Win-win: Profits split between sellers and Positive Sum, which gives funds to PTAs.

under the current economy, many people are looking for ways to save money, said Laura Folkl, marketing and communications manager of non-profit marketing and management group Downtown Evanston. The group helped Wallis spread her idea to local businesses. â&#x20AC;&#x153;We liked the idea of it being an Evanston-only opportunity,â&#x20AC;? Folkl said. â&#x20AC;&#x153;It focuses on shopping locally.â&#x20AC;? The coupons could encourage Evanston and Skokie residents to shop at local businesses, said Susan Frischer, owner of Market Fresh Books, 700 Church St.. Frischer put a coupon in the book after being contacted by Wallis through a connection at a local PTA. â&#x20AC;&#x153;I think itâ&#x20AC;&#x2122;s a positive way to build a bridge between the schools and the community businesses,â&#x20AC;? Frischer said. Wallis said she hopes this continues to be a regular fundraiser for local community groups. After speaking to many local businesses and residents to put her idea to practice, she is even more encouraged to stay active in Evanston. â&#x20AC;&#x153;I have to say, it just confirmed for me what I already sort of knew â&#x20AC;&#x201D; that Evanston is a town of warm, committed people,â&#x20AC;? Wallis said. â&#x20AC;&#x153;Iâ&#x20AC;&#x2122;ve met an awful lot of NU alumni all over town, and Iâ&#x20AC;&#x2122;m sure the feeling is the same.â&#x20AC;?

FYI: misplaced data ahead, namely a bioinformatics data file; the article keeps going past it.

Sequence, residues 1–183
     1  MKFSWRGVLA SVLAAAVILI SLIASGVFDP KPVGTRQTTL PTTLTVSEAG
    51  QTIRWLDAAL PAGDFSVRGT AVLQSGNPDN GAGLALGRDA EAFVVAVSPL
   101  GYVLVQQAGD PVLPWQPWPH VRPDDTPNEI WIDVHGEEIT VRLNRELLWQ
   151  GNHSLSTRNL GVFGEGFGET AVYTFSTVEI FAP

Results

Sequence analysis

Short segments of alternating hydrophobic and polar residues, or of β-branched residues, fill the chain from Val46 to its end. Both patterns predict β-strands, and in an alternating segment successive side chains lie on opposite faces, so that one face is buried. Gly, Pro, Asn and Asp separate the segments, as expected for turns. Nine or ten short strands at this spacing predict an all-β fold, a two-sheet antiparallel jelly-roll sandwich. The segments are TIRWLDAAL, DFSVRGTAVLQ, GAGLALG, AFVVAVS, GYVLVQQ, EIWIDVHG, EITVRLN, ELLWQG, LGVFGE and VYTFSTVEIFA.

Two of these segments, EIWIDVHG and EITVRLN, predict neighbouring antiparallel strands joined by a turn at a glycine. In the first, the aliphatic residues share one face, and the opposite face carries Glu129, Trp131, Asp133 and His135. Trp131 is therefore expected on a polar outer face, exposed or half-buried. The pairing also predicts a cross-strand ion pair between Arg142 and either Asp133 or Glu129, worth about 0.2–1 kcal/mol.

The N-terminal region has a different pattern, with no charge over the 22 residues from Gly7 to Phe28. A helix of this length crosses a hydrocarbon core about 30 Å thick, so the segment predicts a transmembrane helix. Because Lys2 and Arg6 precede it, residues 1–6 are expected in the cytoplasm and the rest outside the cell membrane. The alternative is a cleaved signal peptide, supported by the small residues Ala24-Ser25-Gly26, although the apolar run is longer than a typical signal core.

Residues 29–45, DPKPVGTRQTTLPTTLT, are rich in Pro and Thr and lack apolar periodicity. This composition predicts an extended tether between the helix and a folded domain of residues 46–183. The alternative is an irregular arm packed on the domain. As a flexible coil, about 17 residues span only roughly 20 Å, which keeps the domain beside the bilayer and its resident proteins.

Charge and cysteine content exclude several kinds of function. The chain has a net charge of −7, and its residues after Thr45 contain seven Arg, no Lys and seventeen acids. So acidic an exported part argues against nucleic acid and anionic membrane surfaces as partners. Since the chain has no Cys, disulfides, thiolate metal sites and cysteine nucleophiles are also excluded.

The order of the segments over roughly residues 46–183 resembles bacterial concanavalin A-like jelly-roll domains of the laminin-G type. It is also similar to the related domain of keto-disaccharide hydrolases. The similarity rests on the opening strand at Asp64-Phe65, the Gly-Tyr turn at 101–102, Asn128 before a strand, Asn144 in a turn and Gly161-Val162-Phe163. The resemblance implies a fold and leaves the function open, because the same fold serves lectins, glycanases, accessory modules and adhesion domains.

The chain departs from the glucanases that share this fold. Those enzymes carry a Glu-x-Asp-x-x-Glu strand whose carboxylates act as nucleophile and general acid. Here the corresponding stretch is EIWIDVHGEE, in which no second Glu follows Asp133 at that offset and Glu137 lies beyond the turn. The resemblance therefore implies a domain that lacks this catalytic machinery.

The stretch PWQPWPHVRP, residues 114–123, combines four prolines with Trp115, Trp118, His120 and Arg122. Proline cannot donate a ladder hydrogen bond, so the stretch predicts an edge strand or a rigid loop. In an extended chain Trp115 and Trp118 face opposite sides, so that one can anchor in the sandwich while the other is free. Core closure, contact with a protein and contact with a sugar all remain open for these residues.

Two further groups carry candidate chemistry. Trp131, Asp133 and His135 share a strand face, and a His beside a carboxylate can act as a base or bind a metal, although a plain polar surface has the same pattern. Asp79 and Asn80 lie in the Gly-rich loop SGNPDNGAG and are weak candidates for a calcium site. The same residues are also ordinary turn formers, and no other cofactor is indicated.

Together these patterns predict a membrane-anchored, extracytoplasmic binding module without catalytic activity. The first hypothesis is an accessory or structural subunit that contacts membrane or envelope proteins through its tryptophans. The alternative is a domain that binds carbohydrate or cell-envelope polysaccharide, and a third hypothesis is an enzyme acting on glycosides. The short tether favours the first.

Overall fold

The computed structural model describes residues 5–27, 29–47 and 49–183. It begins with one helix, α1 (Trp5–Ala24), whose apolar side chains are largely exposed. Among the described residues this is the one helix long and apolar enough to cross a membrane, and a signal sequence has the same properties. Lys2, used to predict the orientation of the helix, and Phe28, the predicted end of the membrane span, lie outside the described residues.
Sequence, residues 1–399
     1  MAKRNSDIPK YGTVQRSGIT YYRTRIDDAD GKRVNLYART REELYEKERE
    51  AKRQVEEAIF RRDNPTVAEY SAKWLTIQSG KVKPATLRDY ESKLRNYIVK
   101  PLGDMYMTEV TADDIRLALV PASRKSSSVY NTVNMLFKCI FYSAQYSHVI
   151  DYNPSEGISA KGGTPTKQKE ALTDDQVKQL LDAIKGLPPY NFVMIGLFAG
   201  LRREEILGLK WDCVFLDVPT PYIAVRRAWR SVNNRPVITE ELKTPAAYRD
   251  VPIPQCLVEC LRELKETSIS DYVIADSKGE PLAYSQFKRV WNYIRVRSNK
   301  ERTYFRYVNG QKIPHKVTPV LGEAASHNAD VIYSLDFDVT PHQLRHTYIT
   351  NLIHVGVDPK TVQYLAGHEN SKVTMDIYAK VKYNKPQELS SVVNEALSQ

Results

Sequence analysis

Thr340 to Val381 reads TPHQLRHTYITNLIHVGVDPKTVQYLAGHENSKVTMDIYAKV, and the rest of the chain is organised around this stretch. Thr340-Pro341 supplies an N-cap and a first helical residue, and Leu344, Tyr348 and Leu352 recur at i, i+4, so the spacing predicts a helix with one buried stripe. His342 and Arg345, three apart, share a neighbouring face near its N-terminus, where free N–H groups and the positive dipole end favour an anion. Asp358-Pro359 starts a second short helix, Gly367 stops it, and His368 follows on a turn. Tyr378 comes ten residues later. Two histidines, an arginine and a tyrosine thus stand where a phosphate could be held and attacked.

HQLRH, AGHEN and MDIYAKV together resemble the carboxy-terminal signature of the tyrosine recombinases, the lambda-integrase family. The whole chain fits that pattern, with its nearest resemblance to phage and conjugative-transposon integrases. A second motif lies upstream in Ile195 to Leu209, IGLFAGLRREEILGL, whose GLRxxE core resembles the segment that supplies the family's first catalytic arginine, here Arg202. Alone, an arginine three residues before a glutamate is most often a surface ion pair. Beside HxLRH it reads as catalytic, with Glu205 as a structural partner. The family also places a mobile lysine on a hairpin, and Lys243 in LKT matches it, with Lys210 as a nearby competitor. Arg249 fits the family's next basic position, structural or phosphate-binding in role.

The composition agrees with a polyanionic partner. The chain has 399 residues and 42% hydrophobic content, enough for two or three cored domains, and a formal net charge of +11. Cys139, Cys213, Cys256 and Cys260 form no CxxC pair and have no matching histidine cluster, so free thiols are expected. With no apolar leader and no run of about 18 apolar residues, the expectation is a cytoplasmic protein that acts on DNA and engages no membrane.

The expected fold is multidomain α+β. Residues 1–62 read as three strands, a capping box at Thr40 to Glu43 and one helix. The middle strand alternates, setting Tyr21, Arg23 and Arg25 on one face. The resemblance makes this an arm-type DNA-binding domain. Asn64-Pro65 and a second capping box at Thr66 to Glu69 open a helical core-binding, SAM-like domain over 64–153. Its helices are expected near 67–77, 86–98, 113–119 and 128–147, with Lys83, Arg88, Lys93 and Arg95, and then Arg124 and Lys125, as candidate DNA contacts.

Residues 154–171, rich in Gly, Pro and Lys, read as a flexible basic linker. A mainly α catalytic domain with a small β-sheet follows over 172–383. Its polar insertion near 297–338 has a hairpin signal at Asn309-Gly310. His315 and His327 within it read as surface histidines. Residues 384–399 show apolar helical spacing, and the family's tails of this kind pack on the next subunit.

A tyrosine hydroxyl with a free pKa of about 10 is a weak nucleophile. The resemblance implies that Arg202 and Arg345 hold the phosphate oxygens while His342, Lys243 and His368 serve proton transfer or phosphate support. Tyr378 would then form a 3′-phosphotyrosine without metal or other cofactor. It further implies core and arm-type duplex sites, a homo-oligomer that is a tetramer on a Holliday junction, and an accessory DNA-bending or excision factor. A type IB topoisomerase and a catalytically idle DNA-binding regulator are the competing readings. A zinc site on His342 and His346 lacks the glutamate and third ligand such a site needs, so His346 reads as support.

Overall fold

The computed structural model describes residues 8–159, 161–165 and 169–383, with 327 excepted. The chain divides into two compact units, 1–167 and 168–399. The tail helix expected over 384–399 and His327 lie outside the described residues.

Itâ&#x20AC;&#x2122;s evening. Itâ&#x20AC;&#x2122;s part-time. Itâ&#x20AC;&#x2122;s Northwestern.

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6â&#x20AC;&#x201A; News